Dancing With Depression & Anxiety
My nights out dancing at the 80’s music revival nights are bittersweet at best these days.
On one side I am enamored by the music of my younger, more carefree days. I get lost in the song and dance. At times I close my eyes and imagine I am still that young, naïve, and lost little girl, reveling in hearing nothing but the melodic whispers of youth, and a future filled with hope.
When I attend these events, I almost always recognize a lot of faces – mostly from days gone by of going dancing at clubs in the late 80’s and early 90’s in Cleveland. I always knew faces, even some names, back in my younger club days, but I was – and still remain, for the most part, believe it or not – a shy wallflower.
Facebook has definitely helped fill in the gaps, as I now have names to go with the more familiar faces. Some of these people are now Facebook friends of mine. I recognize them at these events, but alas, even with social media, I am still just a nameless face in the crowd – the ultimate wallflower.
I’m used to this. This is how it has always been. The only place where it really doesn’t matter is on the dance floor. I lose myself in the music and pretend no one exists. I’ve grown accustomed to being an awkward misfit.
Even when having fun, without a care in the world, Depression always seems to find me, no matter where I go.
This last time, Depression joined me on the dance floor, almost mocking me. I played avoidance by closing my eyes tight, but when I opened them, Depression was there staring me in the face.
I fought as long as I could. The whispers of Depression about the ghosts of club days past finally won. I accepted Depressions’ offer to dance with me.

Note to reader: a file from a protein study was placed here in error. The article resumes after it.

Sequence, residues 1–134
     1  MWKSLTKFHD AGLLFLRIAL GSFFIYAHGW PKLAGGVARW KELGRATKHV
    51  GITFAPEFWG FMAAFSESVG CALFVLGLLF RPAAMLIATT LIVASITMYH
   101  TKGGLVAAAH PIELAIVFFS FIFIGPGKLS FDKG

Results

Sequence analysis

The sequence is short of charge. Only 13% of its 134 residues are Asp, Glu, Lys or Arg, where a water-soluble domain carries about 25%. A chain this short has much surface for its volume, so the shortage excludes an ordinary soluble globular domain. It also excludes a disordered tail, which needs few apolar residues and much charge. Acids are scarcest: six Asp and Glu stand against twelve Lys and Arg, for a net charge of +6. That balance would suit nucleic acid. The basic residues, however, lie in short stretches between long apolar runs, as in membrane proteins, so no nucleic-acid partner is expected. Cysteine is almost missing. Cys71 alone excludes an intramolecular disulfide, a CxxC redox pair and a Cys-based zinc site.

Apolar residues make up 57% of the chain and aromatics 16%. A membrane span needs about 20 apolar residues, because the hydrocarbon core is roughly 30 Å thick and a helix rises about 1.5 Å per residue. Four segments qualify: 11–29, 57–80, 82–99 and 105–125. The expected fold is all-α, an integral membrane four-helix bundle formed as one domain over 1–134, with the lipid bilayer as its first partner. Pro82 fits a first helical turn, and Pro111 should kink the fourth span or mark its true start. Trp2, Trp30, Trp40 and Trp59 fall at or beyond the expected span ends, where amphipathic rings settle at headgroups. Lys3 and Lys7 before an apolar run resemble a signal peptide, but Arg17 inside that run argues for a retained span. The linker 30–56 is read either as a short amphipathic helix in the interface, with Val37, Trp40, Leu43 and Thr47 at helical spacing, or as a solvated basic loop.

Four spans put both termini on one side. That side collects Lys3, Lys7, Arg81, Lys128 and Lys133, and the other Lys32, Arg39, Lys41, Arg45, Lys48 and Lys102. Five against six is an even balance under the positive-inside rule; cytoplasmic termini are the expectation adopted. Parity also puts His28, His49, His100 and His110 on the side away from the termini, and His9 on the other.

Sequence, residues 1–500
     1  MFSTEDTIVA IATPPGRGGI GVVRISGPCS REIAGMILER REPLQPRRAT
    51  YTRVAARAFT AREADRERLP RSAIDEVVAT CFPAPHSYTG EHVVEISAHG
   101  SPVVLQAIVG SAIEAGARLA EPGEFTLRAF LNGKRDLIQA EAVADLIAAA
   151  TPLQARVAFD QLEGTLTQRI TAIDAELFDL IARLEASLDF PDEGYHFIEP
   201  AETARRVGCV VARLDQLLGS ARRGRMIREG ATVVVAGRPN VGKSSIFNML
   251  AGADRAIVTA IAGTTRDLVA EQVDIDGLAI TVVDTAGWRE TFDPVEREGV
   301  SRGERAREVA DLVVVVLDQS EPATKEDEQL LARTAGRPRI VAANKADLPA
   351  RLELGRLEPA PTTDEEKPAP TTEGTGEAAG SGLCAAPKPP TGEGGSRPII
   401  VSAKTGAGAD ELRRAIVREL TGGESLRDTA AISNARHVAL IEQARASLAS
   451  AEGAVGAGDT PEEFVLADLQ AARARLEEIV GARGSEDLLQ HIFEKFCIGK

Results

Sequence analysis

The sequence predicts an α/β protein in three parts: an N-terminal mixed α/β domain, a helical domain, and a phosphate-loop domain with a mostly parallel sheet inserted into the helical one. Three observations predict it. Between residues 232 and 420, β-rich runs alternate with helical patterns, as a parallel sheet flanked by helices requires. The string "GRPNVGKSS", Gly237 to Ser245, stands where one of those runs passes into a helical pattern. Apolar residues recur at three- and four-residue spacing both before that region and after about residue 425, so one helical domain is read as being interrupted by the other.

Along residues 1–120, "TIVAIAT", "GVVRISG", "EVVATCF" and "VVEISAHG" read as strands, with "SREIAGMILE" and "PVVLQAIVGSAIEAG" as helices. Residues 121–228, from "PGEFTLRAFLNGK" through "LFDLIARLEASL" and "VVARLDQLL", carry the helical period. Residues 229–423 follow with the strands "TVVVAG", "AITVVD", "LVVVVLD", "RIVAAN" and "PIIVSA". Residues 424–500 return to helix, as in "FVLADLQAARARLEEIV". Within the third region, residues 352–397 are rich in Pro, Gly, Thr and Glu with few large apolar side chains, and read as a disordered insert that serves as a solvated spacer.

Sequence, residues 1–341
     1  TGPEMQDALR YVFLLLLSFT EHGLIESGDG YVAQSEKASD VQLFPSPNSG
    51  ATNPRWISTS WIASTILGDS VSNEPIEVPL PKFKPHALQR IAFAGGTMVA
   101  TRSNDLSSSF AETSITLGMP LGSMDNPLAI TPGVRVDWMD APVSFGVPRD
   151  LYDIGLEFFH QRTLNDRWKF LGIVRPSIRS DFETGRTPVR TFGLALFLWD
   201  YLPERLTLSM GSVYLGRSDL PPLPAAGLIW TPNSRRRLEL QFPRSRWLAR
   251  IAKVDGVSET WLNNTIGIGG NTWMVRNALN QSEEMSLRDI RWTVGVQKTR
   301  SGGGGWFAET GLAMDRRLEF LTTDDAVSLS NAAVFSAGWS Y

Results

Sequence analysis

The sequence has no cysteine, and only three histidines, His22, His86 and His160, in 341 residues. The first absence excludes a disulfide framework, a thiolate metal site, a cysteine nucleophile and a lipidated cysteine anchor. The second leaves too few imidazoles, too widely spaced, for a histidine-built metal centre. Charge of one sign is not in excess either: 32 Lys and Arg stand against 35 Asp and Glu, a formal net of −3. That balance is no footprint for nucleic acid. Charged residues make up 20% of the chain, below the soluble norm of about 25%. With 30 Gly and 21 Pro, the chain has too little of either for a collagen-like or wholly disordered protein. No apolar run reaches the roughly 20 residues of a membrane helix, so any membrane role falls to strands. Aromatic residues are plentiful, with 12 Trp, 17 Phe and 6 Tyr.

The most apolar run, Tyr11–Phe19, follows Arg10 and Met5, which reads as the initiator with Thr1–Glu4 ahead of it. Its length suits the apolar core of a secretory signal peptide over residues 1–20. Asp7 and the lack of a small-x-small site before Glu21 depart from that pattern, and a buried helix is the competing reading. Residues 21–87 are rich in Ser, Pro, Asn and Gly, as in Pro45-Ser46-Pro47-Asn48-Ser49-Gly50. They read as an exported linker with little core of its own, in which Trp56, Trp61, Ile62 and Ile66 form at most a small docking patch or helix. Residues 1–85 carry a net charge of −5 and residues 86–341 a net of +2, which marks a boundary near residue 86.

Depression took control right away and wouldn’t let me have fun. Depression refused to let me go up to these people I knew from online to say hi or introduce myself. I listened to the dominant whispers of Depression, “If they really wanted to say hi to you, they would… why would they want to be friends with you… you don’t fit in, still, after all these years… They won’t recognize you anyways, then you’ll feel like a dumb ass…”
Before I allowed Depression to completely spiral me down into its maddening grip, I took once again to the dance floor, attempting to get lost in the melodic voices of Peter Murphy, Dave Gahan, and Robert Smith.
And there it was, in the midst of my fellow Gen X’ers and douchebag millennials who filled the dance floor, that Anxiety grabbed onto me and wouldn’t let go.
I felt the choking grip of Anxiety, and because I was already weakened by Depression, I didn’t even put up a fight. Physically I kept dancing as if nothing were wrong, but in my mind, I was tossed back and forth by Depression and Anxiety in a wicked and unrelenting slam dance of mental torture.
It felt as if the walls were closing in around me, and I was being laughed at by everyone. After about twenty minutes, I left the club, even though the music was great. I dread these slips, as it takes a while, sometimes months, to recover. This time around it took a few weeks, complete with a descent into deep depression.
I haven’t been dancing since… that needs to change. Soon…
- So What – Ministry
- Tragedy For You – Front 242
- Assimilate – Skinny Puppy
- Rigor Mortis – A Split Second
- Ride The Mindway – My Life with the Thrill Kill Kult
- Stigmata – Ministry
- No Name No Slogan – Acid Horse
- Join in the Chant – Nitzer Ebb
- Godlike – KMFDM
- Supernaut – 1000 Homo DJs
- Rubber Glove Seduction – PTP
- Mindphaser – Front Line Assembly
- Thieves – Ministry
- Violent Playground – Nitzer Ebb
- Testure – Skinny Puppy
- Until Death (Us Do Part) – Front 242
- Loyal To My Hate – Wumpscut
- Stainless Steel Providers – Revolting Cocks
- Waiting for Mommie – My Life with the Thrill Kill Kult
- Burning Inside – Ministry